Love from libraries: Public Lending Right 2015/6

Many authors will have felt the love on finding a credit from Public Lending Right (PLR) in their bank accounts on 14 February. As well as the boost to the bottom line, it warms a writer’s heart to know that their books are being borrowed from UK public libraries.

UK PLR was established by Act of Parliament in 1979 and is administered by the British Library. It gives authors the legal right to receive payment from Government each time their books are loaned through the public library system. Since its inception, PLR has distributed over £160 million to authors, and in February 2017 it is paying out £6 million to 22,202 authors at a rate per loan of 7.82 pence.

To coincide with its annual payments to authors, PLR releases data on the most borrowed books and authors in UK libraries. During 2015/6, Paula Hawkins’ phenomenally successful novel, The Girl on the Train was the UK’s most borrowed library book. Commenting on this achievement, Paula Hawkins said: “As a voracious reader possessed of a fevered imagination, my childhood visits to the library were a thrill. I credit those weekly trips with making me the reader – and the writer – I became, so I could not be more delighted to discover that The Girl on the Train was the most borrowed book from UK libraries last year”.

For the tenth year running, James Patterson was the most borrowed author in UK libraries. His books clocked up over two million loans during 2015/6. During his decade in the top spot, his books have been borrowed over 20 million times.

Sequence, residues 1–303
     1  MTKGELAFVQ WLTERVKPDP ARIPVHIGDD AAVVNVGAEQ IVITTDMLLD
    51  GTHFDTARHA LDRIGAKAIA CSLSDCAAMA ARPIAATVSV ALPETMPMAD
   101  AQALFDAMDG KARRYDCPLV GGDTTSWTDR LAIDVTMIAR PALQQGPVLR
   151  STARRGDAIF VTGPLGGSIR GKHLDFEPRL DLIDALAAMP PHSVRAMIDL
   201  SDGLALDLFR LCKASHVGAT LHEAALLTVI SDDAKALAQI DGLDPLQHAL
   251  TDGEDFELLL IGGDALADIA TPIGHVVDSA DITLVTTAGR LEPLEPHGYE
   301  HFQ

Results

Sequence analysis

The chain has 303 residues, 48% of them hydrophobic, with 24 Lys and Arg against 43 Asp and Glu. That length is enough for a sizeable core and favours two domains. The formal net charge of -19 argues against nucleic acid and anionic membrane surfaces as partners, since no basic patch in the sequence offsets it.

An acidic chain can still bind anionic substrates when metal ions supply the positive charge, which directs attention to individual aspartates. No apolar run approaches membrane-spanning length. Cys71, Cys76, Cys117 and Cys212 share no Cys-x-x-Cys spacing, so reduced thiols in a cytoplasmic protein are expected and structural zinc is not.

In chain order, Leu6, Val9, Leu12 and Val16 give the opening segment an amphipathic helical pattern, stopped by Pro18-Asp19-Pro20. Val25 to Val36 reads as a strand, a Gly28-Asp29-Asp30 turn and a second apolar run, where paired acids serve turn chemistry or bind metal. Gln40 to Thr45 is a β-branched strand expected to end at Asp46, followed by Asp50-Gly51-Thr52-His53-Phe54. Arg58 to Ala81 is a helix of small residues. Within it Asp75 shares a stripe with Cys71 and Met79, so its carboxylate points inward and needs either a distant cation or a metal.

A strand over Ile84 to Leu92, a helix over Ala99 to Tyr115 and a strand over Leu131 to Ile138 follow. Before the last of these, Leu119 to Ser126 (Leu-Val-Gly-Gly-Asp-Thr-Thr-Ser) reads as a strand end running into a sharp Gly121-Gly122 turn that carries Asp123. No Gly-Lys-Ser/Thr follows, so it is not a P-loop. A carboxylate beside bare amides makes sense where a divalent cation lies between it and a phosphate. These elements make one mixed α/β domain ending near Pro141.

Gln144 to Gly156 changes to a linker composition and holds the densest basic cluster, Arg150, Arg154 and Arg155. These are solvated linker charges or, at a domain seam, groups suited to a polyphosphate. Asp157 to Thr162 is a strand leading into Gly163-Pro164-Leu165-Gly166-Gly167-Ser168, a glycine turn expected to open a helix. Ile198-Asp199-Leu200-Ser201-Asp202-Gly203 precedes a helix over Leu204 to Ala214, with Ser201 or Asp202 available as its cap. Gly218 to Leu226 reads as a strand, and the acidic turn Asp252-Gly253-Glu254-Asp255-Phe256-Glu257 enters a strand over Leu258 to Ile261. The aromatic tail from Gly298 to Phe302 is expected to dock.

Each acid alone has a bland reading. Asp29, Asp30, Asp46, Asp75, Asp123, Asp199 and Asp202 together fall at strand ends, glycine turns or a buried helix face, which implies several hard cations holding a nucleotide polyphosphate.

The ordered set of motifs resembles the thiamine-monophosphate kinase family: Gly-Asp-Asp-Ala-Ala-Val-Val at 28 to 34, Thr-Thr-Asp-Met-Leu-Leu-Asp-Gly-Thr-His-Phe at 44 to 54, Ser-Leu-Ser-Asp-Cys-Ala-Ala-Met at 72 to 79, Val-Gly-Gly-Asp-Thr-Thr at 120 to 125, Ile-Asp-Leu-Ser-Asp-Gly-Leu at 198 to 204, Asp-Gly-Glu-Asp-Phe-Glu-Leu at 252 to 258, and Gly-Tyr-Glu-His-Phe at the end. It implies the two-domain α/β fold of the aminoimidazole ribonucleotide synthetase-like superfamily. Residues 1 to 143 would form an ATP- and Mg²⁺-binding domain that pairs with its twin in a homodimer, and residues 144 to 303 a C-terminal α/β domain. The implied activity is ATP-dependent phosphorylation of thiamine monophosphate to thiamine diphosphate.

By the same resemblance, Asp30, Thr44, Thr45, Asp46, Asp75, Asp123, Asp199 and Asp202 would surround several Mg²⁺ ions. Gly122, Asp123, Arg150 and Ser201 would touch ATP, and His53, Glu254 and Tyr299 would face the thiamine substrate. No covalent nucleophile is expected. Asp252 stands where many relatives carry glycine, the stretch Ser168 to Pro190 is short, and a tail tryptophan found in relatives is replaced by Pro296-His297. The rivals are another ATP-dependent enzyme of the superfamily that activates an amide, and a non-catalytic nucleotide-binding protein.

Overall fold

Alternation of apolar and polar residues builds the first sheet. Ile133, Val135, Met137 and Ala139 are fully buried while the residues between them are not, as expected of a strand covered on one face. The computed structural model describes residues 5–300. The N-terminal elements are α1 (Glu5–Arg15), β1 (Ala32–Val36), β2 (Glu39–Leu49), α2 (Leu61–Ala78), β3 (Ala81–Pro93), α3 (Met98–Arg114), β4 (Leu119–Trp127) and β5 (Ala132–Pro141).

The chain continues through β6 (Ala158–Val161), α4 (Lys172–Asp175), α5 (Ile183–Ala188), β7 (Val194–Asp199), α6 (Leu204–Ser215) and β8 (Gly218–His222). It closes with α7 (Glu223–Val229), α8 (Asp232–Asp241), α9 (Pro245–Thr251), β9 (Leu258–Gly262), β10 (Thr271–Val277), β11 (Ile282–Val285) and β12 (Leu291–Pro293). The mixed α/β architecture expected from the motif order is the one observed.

Children’s authors once again figure prominently in the new PLR data. Seven of the top ten most borrowed authors are children’s writers, and four of these – Julia Donaldson, Daisy Meadows, Roderick Hunt and Francesca Simon – had their books borrowed over a million times from UK public libraries last year.

Haven’t yet registered for PLR (what are you waiting for?!) and want to know more?

Last autumn, the International Authors Forum (IAF) launched an introductory guide to PLR in conjunction with the International PLR Network. The guide is aimed at individuals, organisations and governments coming to Public Lending Right for the first time and seeking information on how PLR operates, how it benefits authors, how it has been established across the world and how new schemes can be created.

As well as describing the main types of PLR system that exist internationally and their legal basis, the guide also explains why authors are so important to cultural life and education and how PLR provides vital support that they need to sustain their writing.

Among the authors sending messages of love about what PLR means to them is renowned children’s writer and illustrator, Shirley Hughes, who turns 90 this year. She says: “PLR is not only a life-saver, it is also one of the great spurs to fresh endeavour.”

The top 10 most borrowed titles in 2015/16 were:

  1. The Girl on the Train  Paula Hawkins
  2. Personal     Lee Child
  3. Make Me    Lee Child
  4. Diary of a Wimpy Kid    Jeff Kinney
  5. Diary of a Wimpy Kid: The Long Haul  Jeff Kinney
  6. Alert James Patterson
  7. Go Set a Watchman Harper Lee
  8. Diary of a Wimpy Kid: Cabin Fever Jeff Kinney
  9. Awful Auntie David Walliams (illustrated by Tony Ross)
  10. Truth or Die James Patterson

>> Read the IAF guide Public Lending Right: An Introductory Guide
>> Find more information on registering for UK PLR
>> Discover more about this year’s most borrowed books and authors

Report by Caroline Sanderson, Editor of ALCS News.